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[B]Eduard Khil, Unlikely YouTube Sensation, Dies at 77[/B]
[B]By ANDREW ROTH[/B]
[B]Published: June 5, 2012 [/B]
MOSCOW — Eduard Khil, a Brezhnev-era balladeer who experienced an improbable and unwitting YouTube comeback as “Mr. Trololo,” tra-la-lah-ing his way through a song whose lyrics about the American prairie were eliminated because of fears of Soviet censorship, died on Monday in St. Petersburg, [URL="http://topics.nytimes.com/top/news/international/countriesandterritories/russiaandtheformersovietunion/index.html?inline=nyt-geo"]Russia[/URL]. He was 77.
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The cause was complications of a stroke, Russian state news media said.
Mr. Khil, a baritone trained at the Rimsky-Korsakov conservatory in what was then Leningrad, achieved early fame in his country for his renditions of popular folk songs. But he later shot to international attention when a 1976 video recording of him performing a song called “I Am Glad Because I Am Finally Returning Back Home” spread on YouTube in 2010.
The [URL="http://www.youtube.com/watch?v=oavMtUWDBTM"]“Trololo” clip[/URL], as YouTube fans called it, opens with a kaleidoscope of rainbows on a golden background. Mr. Khil then emerges wearing a car salesman’s double-breasted brown suit, a mustard-yellow tie and an ear-to-ear smile under a helmet of brown hair. As he tests his voice, he pantomimes a carefree walk and waves to imaginary passers-by. He sings joyfully, without ever using any actual words.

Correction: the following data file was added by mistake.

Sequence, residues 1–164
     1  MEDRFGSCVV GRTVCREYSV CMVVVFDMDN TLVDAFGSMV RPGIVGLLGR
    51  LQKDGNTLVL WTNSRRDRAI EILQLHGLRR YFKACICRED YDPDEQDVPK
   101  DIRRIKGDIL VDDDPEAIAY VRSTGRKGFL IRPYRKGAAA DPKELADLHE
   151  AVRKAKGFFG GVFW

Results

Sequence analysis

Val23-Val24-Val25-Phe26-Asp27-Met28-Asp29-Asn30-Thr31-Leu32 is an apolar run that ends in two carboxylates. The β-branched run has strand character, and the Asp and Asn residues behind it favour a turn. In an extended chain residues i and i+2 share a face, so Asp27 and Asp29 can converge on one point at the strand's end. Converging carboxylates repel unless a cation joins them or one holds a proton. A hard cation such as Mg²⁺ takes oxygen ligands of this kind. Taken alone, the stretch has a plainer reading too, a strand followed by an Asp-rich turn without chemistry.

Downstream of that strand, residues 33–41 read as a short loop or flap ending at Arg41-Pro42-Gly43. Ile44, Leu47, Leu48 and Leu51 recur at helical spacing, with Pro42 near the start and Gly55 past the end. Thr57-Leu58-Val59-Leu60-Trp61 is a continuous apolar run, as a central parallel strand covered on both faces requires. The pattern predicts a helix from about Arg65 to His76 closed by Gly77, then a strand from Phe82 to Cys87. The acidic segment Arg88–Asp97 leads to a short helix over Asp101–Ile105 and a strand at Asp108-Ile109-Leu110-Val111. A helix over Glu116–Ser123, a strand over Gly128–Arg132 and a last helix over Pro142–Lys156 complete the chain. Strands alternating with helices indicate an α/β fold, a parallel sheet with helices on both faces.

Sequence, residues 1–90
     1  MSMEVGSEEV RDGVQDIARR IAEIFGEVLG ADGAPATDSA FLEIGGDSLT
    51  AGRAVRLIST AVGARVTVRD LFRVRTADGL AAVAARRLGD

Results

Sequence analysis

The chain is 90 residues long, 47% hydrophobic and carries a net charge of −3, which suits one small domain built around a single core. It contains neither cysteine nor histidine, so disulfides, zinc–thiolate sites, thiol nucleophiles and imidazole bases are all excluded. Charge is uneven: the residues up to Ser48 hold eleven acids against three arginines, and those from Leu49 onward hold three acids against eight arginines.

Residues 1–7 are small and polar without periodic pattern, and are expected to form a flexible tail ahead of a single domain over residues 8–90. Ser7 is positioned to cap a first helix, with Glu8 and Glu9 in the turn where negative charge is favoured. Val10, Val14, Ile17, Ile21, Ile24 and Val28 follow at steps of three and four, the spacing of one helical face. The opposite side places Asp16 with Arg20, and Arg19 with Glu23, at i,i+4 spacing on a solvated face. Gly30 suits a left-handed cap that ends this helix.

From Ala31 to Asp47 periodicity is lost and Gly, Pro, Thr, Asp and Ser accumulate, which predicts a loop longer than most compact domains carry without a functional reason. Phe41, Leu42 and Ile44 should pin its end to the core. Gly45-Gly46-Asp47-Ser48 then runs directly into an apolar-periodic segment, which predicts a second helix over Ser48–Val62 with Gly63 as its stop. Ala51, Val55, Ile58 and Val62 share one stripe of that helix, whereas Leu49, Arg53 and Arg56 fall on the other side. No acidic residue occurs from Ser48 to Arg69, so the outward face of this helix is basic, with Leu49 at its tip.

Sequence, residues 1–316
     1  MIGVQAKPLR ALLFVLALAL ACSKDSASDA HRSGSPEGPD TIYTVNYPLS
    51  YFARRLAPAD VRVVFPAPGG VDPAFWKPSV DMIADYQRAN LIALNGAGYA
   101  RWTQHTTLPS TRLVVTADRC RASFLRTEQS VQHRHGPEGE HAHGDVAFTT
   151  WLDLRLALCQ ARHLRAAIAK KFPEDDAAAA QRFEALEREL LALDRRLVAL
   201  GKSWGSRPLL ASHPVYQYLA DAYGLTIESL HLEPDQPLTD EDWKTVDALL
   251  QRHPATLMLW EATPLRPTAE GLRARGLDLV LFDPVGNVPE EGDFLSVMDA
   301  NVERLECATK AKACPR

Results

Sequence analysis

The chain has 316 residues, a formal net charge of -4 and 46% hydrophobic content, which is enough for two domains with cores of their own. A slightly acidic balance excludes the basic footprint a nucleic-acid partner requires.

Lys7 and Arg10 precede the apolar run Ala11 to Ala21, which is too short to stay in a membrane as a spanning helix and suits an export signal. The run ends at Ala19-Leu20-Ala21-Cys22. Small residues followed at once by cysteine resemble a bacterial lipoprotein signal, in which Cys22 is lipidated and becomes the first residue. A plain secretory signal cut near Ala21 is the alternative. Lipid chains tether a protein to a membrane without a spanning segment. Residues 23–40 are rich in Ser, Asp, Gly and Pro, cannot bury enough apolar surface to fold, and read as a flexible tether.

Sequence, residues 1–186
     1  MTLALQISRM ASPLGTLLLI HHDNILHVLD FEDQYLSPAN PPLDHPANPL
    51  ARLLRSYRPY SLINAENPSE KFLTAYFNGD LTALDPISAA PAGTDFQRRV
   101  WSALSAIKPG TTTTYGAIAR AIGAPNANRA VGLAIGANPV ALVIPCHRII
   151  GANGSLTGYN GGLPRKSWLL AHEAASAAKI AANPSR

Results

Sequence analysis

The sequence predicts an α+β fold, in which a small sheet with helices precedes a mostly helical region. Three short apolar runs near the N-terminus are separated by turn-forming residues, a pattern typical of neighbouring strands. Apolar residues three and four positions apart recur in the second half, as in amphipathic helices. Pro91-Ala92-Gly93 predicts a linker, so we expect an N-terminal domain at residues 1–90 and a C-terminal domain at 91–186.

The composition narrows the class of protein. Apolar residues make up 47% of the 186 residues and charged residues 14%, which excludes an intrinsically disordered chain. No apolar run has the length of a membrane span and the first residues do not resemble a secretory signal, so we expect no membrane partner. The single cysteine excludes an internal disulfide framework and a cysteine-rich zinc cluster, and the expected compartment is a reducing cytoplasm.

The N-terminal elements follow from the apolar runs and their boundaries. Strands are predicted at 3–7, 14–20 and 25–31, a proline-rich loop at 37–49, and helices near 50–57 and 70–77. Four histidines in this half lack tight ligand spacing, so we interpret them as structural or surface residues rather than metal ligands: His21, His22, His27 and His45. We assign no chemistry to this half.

Whether Mr. Khil’s new fans laughed at him or with him is not clear. Stephen Colbert played the clip on “The Colbert Report” as a pick-me-up for his audience at a time when the news was dominated by a bitter deadlock in the United States Senate. Christoph Waltz, fresh from taking home the best supporting actor Academy Award in 2009, did a racy parody of the Khil video that he titled [URL="http://www.youtube.com/watch?v=nwY4LuADupw"]“Der Humpink”[/URL] on “Jimmy Kimmel Live.” Mr. Khil said he did not know about his new fame until he heard his grandson humming the tune — one he had sung more than 30 years ago.
In an interview with state news media in 2010, Mr. Khil said he and the song’s composer, Arkady Ostrovsky, pulled its original lyrics out of fear that the Soviet authorities would consider it pro-American and ban it. The lyrics described “John on his mustang traveling across the expanses of the prairie to his beloved Mary, who lives in Kentucky, waiting for him and knitting wool socks.”
When the two could not find suitable replacement lyrics, he said, Mr. Ostrovsky exclaimed, “If that’s how it is, let it be a vocalization!”
Mr. Khil was born in Smolensk on Sept. 4, 1934. Survivors include his wife, Zoya, and his son, Dmitry.
Mr. Khil embraced his online following, inviting fans to write substitute lyrics themselves.
“In every country, a person probably understands the song for himself, in his own way,” Mr. Khil said. “Then when you write it down, we’ll meet on the Internet,” where “all together we’ll sing the new lyrics to the song.”
He also did not mind his new name. “It’s great,” he said. “Now I want to perform not under the name of Eduard Khil, but under the pseudonym ‘Trololoman.’ At least I’m looking into the matter.”